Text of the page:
ment last week on his previous editor-
j:ll? lne Telegram editor will have to
j "con,c out of it" and .-tart his spasm
over :ir:uii on another subject. The
!aloon men arc "dead next" to this
, t.hCap annual bid for their support,
I Alitor Ladd's editorial follows:
The casual remark by this paper that
it was only a question of time when
the republican party could take up
the question of temperance reform,
has furnished the democratic press of
the state with a text tor some frenzied
editorials on the sure destruction of
all personal liberties of the people, un
less the republican party is hurled to
destruction. They Hatter the News
bv designating it as the head and cen
tcr of republican wisdom and policy,
and that whatever this editcr says
will surely come to pass. When we
remember that the only democratic
governor Nebraska evei; had was
elected on the liquor issue, it is to be
wondered at that any prospect of an
other chance to make a similar win
ning is hailed with "eclaw." Jn or
der to, in a measure, restore the equi
librium of our democratic bretheru.
we have concluded to not insist on the
closing of all saloons in Nebraska this
year. Their "liberty" to indulge in
all the prerogatives of democratic pre
cedent and tradition is herein granted
them, for a period of one year from
this promulgation.
Referring to the resolution intro
duced in the House last week by Be
presentative Sheppard of Texas, in
the name of American Motherhood,
asking congress to "investigate" Pre
sident Roosevelt for having a certain
Mrs. Rogers forcibly removed from
the White House because she planked
herself down on a chair "and refused
to budge until she had seen the presi
dent, Harpers Weekly makes the fol
lowing comment:
That is the American Mother to
whose rescue the gallant Taxan
springs. Unfortunately for the esta
blishment of a principle of executive
administration by act of congress, the
resolution is less explicit titan we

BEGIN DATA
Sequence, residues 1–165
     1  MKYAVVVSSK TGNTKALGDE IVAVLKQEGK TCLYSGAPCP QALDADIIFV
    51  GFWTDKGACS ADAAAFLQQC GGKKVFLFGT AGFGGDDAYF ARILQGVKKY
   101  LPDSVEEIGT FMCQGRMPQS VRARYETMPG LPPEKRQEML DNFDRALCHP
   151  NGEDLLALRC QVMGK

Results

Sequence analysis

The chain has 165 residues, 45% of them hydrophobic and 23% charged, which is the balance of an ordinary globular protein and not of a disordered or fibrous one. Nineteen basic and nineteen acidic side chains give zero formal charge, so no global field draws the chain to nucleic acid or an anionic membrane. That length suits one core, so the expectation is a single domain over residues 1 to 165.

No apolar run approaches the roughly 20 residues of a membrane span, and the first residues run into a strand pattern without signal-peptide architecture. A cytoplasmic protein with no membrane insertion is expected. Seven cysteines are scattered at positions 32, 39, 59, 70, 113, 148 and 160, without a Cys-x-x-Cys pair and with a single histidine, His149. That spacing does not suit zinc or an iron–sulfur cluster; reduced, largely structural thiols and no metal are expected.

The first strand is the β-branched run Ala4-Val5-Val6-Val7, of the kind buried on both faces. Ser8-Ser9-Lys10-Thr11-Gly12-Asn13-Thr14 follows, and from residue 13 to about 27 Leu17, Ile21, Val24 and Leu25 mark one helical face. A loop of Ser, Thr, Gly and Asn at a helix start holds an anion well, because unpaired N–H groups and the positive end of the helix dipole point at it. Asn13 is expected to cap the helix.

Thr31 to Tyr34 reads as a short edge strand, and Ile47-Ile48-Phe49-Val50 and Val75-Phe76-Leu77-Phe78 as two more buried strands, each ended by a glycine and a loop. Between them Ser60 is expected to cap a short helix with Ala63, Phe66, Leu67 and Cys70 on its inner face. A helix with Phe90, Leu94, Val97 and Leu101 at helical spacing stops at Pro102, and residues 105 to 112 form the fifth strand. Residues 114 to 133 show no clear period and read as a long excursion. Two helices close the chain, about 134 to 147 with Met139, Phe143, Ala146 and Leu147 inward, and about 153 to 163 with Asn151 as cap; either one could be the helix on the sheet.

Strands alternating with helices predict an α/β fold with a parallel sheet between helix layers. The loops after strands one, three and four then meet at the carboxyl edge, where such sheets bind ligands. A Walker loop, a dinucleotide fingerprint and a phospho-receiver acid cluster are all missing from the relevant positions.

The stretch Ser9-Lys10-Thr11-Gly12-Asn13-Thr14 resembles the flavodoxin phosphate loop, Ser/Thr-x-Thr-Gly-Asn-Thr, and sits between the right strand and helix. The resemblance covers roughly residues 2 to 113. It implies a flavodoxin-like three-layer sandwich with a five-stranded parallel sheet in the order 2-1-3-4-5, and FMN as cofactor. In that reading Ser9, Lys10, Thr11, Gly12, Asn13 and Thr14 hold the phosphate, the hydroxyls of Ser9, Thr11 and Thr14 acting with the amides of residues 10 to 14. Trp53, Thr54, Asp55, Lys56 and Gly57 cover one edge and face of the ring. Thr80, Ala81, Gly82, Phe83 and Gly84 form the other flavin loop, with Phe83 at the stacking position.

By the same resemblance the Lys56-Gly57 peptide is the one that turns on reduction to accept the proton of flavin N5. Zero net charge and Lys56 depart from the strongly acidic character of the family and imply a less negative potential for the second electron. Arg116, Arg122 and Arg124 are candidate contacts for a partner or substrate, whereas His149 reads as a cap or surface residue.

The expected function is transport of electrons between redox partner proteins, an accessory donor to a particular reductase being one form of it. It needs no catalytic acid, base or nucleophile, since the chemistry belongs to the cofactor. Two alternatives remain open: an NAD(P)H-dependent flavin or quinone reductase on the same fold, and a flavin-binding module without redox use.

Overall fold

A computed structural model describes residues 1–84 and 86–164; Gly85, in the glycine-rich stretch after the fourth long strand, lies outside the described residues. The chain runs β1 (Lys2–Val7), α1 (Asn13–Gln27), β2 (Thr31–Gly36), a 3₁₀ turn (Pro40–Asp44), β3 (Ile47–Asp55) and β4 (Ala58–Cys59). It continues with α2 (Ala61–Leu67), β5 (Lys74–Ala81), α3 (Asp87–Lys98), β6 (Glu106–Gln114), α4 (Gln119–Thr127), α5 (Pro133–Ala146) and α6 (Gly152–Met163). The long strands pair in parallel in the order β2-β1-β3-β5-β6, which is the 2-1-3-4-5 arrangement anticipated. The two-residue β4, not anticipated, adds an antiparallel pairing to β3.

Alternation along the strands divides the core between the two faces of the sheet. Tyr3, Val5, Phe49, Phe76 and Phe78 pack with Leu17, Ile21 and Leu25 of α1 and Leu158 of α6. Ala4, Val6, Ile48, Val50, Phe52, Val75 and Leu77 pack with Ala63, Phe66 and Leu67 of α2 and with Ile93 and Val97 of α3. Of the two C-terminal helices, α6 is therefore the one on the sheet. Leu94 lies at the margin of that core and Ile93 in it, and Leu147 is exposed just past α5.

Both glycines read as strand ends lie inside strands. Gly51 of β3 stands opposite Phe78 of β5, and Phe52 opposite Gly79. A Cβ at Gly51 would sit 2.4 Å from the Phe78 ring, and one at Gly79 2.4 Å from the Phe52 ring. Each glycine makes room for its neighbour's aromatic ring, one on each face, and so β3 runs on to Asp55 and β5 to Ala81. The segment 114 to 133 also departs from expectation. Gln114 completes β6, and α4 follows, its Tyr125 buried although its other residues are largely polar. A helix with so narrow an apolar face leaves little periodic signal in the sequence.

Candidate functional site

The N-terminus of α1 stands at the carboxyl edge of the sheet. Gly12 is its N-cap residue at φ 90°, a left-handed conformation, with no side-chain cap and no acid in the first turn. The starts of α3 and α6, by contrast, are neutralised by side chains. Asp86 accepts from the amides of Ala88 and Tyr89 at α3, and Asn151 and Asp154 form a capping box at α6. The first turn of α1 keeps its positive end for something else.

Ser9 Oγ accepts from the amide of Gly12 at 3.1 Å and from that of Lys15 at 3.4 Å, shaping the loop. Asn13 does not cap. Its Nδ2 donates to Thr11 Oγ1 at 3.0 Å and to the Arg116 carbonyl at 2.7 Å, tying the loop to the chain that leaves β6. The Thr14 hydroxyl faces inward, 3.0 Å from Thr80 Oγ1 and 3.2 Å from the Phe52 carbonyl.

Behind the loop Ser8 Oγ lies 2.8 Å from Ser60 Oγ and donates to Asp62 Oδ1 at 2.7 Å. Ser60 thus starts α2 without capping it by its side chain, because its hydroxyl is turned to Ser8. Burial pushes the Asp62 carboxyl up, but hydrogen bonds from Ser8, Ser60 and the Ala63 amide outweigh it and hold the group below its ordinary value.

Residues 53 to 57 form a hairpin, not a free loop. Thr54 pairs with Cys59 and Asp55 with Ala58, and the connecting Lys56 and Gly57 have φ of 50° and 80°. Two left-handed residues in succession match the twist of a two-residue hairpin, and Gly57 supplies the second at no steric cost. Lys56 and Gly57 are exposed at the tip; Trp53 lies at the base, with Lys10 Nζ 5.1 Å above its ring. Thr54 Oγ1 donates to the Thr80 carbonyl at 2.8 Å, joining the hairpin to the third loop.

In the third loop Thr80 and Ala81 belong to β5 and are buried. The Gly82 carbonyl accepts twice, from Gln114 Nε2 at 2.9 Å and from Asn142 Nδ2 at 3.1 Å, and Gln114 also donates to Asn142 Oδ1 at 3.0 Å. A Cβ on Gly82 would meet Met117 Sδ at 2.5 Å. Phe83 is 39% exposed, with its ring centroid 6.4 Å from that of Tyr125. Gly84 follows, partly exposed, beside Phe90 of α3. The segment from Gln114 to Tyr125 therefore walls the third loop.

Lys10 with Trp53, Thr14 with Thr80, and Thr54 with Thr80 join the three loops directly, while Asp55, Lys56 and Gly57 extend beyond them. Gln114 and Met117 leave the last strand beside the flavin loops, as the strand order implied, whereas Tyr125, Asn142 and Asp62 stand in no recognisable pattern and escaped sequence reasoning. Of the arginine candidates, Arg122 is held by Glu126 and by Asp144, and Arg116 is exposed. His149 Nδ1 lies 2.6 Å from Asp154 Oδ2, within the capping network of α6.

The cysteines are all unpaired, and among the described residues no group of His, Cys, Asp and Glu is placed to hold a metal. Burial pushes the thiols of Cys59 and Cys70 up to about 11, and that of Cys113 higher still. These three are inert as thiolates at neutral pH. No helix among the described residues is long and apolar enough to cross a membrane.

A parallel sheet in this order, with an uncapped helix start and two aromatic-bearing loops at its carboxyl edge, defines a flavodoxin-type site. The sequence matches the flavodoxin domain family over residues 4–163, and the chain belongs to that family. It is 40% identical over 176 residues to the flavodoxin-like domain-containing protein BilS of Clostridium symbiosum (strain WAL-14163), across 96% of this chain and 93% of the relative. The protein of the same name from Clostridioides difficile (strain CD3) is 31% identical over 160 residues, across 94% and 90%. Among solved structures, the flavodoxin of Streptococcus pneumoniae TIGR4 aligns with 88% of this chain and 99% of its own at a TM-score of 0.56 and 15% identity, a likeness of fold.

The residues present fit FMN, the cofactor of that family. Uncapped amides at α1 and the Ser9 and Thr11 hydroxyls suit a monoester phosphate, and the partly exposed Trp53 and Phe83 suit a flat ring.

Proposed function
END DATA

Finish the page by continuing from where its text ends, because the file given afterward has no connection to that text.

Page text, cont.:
should like. What does the congress
man mean by "American?" Would
he restrict she privilVqi! nf interrup
tion to United '"tates mothers, or fake
In Canadians, Mexicans. Venezuelans,
Pnrto-Kicaii;-, Filipinos, and colored
mammies, so they brought with them
evidence .f their distaste for race sui
cide? And need they be. mothers at
all? How about old maids and mar
ried maidens, who have -only hopes
Everybody will agree with the con
gressman that it is wrong to violate
everv sentiment that glorifies Anieri-
can manhood ami American chivalry
and upset the most sacred element o?
American life. But where, if any
where, shall we draw the line? Are
all or only a part of our females the
superiors of the president of the Uni
ted States, despite the glamour of his
great office? It is a timely inquiry
and shonld be included in the resolu
tion. Otherwise the president will
never know whether he must appear
when called by any one of seventy
millions or of only twenty millions of
ladies who have relatives to look after.
We commend this phaze of the sub
ject to the careful consideration of the
happily named Sheppard. Mean
while, he needn't worn. A irreat
many of us, including the president
himself and even the awful Barnes,
have had American mothers, and will
see to it that they have adequate pro
tection while the congressional inves
tigation proceeds. That is, we will
divide the work. The rest of us will
look after the American mothers who
stay at home and darn and spank
the babies, if the Mower of Texan
chivalry will attend to those who jro
yawping around the White House.
The public school system of Ne
braska is a unit beginning with the
primary grades of the common schools
and ending with the graduate school
of our state university.
The high seohol otlers only an in
termediate course between primary
and higher education, and the gra
duate of the high school has only pre
pared himself to enter the real field
of education.
This unity of the "school system of
Nebraska is too often overlooked, and
parents instead of promoting their
children from the highest jrrade in
the high school to the higher grade in
the public school system in the state
university, set them adrift to find
mooring in some private institution
which lives only as it imitates that
highest department of our public
school system.
In order to emphasize this, unity
in the school system of Nebraska we
are showing this week by courtesy of
the university authorities some of the
buildings in which industrial educa
tion, begun in the elementary manual
and physical training ofl'ered in the
Columbus high school as illustrated
last week, is carried forward in more
complex manner. And the same
progressive unity which is found in
industrial education, exists in the
departments of language literature,
history and mathematics.
The Journal is glad by means of
these excellent cuts to illustrate to
parents and students some of the ex
cellent features of the educational
system of our great state, and to com
mend to the boys and girls who read
the Journal the completion not of a